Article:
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Summer is fast approaching down here in New Zealand and there are many retro/vintage events booking up most of my weekends.
Always one to stand out in the crowd and make a bit of a statement, I wanted to create an outfit for the Atomic Market held at the Classics Museum in Hamilton, NZ.
I love the Mexican hand painted skirts that pop up on a number of vintage sell/swap sites but alas they never are in my curvy size. So I was on a mission to change this and create my own!
Circular skirts are relatively easy to make they just take a lot of fabric.
I usually buy 3 metres and this works enough to allow for my preferred finished length of skirt below the knee.
I am faithful to the book Metric Pattern Cutting by Winifred Aldridge (mine is the 3rd Edition) Edition five I think is the latest version but all have the same pattern principles and it’s available on Amazon. The instructions for all patterns are easy to follow. First step is to find you waist measurement to then do the magic formula.
Example: Your waist measurement divided by 6.28 = radius for waistline
= 1, 2, 3 in diagram below
I don’t use a pattern but mark it out with tailors chalk, cut out, stitch add zip and desired thickness of waistband. Easy!
Circular skirts with side seams sewn up ready for zip, waistband and hem
I like to use an invisible zip and made the waist band wide as I like to be able to have the option to tuck in tops and this gives it a nice smooth line.
With this particular skirt I hand painted a lady wearing a fruit basket on her head surrounded by pineapples and finished it off with adding a small fringe braid to the hem.
To match the whole theme I decided on making a peasant blouse. I found a funky printed seersucker fabric in Spotlight (Aus & NZ wide fabric store).
The pattern I used was Burda Young #7554 Size 20.
I could have gone for a smaller size as this is generous in its sizing but the shirring elastic waist took care of that.
I did a combination of pattern B & C.
C style bell sleeve with the length of B and added 5 rows off shirring elastic at the waist. The first couple of rows I was unsure the elastic was going to gather up enough but by the fifth row it was perfect.
Shirring elastic is now my new best friend and such a great way to help get the right fit especially if things are a little on the big side around the waist.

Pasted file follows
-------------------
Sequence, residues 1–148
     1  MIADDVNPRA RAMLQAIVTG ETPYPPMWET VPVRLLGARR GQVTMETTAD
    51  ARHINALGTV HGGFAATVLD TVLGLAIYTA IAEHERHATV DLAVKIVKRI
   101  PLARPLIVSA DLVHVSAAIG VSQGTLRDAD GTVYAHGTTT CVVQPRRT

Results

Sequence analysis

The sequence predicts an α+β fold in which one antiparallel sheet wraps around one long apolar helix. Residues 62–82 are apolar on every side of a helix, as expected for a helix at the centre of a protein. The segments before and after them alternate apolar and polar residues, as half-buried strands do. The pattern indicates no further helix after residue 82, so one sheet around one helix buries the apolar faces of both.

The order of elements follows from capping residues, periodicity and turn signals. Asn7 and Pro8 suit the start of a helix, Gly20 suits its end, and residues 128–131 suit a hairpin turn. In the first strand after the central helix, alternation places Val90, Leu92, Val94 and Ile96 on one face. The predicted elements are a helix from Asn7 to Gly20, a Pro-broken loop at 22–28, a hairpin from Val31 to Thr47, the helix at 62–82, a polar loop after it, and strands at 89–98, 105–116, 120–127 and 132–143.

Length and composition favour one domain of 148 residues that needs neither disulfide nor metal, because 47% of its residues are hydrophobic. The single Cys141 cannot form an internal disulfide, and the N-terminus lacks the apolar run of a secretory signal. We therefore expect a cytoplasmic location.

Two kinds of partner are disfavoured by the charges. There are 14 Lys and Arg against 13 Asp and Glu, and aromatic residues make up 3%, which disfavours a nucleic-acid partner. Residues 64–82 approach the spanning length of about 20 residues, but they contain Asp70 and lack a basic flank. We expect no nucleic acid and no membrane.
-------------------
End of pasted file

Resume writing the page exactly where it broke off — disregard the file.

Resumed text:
The neck edge of the blouse has an elastic casing which you can gather to the desired fullness.
I like to sew with the shirring elastic on the bobbin
I am an hour glass figure so finding clothing off the rack hard to fit because of my small waist compared to my more voluptuous hip and bust ratio!
Shirring is also ideal for along the back of the bodice of dresses, I have several and they are super comfortable as well. This blouse is quick to sew, great for summer and a versatile pattern to alter neckline, length and sleeves.
To top the outfit I created turban made from the left over fabric from the skirt and blouse. Turbans are simple to construct. I start off with a large square of fabric folded in half on the bias then wrap and twist to desired style on a mannequin head. I added pleated rosettes and feathers for that finishing touch.
Overall I was exceptionally happy with this ensemble.
Circular skirts are great for curvy figures and cinching in the peasant blouse with shirring elastic and a belt gave more shape to the whole outfit. A little conscious of my upper arms the bell sleeve was flattering as well as adding a little drama and the scoop neckline was flattering for a bigger bust.
I had a great day out at the Atomic Market with lots of lovely compliments on my outfit.
Hope some of you ladies will take up the challenge and make your own circular skirt freehand too the possibilities for fabric choice and embellishment are endless!
Chica Chica Boom Chic xxx